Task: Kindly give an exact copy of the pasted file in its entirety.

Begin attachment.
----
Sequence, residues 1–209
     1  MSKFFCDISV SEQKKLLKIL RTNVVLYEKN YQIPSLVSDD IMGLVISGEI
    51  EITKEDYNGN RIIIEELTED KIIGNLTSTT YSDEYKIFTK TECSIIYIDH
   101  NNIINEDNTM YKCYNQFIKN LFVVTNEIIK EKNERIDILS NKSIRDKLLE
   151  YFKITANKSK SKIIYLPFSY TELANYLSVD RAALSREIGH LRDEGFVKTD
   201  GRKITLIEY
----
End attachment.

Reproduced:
Sequence, residues 1–209
     1  MSKFFCDISV SEQKKLLKIL RTNVVLYEKN YQIPSLVSDD IMGLVISGEI
    51  EITKEDYNGN RIIIEELTED KIIGNLTSTT YSDEYKIFTK TECSIIYIDH
   101  NNIINEDNTM YKCYNQFIKN LFVVTNEIIK EKNERIDILS NKSIRDKLLE
   151  YFKITANKSK SKIIYLPFSY TELANYLSVD RAALSREIGH LRDEGFVKTD
   201  GRKITLIEY